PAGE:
fan crest   title
Home •  Recent Update •  Sales Gallery •  Archives
Articles •  Varia •  Glossary •  Biographies •  Bibliography
Search •  Video •  Contact Us •  Conditions of Sale •  Links

Archive: Utagawa Kunisada I (歌川國貞); later called Toyokuni III (三代 豊國)

Courtesan holding a roll of writing paper, from the series Ukiyo jinsei tengankyô (浮世人精天眼鏡)
Gototei Kunisada ga (五渡亭国貞画)
No artist seal; Censor Seal: kiwame (極印) meaning "approved"
Moriya Jihei (Kinshindô)
c. 1830
(H x W)
Ôban nishiki
36.8 x 25.4 cm
Excellent, with embossing
Excellent color, unbacked; repaired binding holes along left edge, minor grime, slight trimming)
Price (USD/¥):

Ninsômi (人相見), "persons who look at faces,” were professional physiognomists who interpreted (mi, 見 view or perceive) a person’s face (sô, 相 countenance or physiognomy). Ninsômi (sometimes referred to simply as sômi) offered counsel based on the belief that people exhibited distinct personality types through their physiognomy. Some used the divinatory “Book of Changes” as a general guide.

Kunisada's series Ukiyo jinsei tengankyô (Types of the floating world seen through a physiognomist's glass: 浮世人精天眼鏡) consists of ten known designs, each with extended inscriptions purporting to describe the characteristics of different types of female personalities as interpreted in the manner of a physiognomist. This was a fanciful conceit for a theme featuring various women in ukiyo-e prints, one that Kitagawa Utamaro (多川歌麿 c. 1753-1806) had taken up in masterful fashion three and four decades earlier in his series Fuju ninsô juppon (Ten classes of women’s physiognomy: 婦女人相十品), c. 1792-94, and Bijin gomensô (Five faces of beauties: 美人五面相), c. 1802.


In this design, Kunisada portrays a high-ranking courtesan intent on writing a love letter. While holding a writing brush, she clenches a tissue between her teeth, suggesting that the content of her missive and the object of her affections are bringing up rather strong emotions. Although noted especially for his actor prints, Kunisada also produced an impressive corpus of bijin-ga (prints of beautiful women: 美人画) that included many of the best examples of the genre in his day. We believe that the present charming design qualifies as one of these excellent bijinga.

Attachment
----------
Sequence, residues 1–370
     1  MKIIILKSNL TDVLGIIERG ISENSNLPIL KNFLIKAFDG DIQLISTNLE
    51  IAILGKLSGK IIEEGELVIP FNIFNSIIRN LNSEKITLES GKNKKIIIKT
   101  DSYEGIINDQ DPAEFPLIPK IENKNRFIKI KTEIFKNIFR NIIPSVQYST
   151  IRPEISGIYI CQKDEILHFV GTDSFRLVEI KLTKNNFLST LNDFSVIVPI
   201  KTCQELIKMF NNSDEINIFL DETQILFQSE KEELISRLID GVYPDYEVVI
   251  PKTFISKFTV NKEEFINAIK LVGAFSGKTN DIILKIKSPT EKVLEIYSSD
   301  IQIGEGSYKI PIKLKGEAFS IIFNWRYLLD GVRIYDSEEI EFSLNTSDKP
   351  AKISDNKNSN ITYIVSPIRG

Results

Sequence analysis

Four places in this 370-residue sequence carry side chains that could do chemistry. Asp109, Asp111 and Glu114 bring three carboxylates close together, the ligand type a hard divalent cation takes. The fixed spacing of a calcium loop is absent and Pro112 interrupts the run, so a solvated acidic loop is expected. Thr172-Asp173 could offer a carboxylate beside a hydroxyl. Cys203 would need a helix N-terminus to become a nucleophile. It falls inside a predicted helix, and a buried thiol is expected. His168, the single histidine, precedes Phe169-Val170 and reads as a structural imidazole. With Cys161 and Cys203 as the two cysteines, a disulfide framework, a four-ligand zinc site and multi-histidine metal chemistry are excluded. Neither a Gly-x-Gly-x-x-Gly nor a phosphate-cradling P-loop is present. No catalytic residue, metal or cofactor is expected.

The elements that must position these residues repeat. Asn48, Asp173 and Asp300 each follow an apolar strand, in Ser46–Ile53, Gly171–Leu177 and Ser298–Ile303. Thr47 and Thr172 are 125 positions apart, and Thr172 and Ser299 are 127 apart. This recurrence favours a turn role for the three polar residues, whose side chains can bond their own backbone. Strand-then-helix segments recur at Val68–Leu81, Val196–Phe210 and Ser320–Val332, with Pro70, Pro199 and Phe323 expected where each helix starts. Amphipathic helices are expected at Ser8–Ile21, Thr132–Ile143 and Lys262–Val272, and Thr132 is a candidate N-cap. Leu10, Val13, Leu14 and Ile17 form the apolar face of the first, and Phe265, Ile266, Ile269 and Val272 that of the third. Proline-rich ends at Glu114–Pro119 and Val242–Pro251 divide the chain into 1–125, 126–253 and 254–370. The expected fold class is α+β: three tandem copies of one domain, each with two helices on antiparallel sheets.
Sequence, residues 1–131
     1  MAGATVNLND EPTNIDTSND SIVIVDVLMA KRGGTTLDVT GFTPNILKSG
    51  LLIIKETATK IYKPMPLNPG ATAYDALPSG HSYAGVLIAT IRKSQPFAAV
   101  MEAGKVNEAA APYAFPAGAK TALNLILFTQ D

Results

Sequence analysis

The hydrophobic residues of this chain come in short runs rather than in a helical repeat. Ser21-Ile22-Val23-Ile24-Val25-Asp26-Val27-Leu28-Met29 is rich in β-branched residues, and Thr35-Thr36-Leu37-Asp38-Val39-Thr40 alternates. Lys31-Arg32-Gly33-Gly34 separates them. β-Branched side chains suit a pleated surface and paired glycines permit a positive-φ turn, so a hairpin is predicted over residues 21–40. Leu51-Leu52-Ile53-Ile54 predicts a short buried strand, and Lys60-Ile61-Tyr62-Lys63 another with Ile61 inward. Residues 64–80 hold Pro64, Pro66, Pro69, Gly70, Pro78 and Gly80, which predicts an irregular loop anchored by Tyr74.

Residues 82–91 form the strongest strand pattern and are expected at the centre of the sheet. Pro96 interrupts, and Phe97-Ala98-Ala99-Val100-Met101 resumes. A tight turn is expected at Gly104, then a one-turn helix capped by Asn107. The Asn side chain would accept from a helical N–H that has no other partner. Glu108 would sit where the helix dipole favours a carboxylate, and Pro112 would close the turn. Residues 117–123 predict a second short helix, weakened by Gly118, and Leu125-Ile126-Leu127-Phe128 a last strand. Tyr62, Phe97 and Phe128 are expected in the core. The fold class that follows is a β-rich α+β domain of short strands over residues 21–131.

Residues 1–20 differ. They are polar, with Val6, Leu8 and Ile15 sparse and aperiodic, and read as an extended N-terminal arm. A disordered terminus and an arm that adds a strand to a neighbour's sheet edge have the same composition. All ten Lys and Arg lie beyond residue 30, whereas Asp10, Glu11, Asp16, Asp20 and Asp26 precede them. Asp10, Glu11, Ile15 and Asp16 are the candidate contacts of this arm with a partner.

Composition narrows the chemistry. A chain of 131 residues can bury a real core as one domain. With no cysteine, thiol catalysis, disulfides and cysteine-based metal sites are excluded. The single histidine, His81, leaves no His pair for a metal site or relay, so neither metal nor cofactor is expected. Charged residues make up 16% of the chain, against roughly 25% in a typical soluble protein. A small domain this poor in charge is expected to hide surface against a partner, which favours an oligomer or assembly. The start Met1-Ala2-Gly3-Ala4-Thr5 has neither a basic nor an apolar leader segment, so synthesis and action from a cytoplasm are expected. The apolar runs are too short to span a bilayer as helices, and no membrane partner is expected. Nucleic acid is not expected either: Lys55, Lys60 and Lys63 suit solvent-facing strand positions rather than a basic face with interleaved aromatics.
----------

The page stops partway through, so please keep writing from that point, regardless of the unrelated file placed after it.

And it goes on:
The long inscription was written, on request, by the author of popular fiction Santô Kyôzan (1769-1858), who signed "Santô an Kyôzan" (山東庵京山). He was the younger brother of the celebrated "floating-world" writer Santô Kyôden (1761-1816).

Other impressions are in the Japan Ukiyo-e Museum, Matsumoto; the Museum of Fine Arts, Boston (11.15626); and the Austrian Museum of Applied Arts.


There are many publications on the works of Kunisada. A good introduction in English is by Sebastian Izzard (with essays by J. Thomas Rimer and John Carpenter): Kunisada's World. New York: Japan Society in collaboration with Ukiyo-e Society of America, 1993.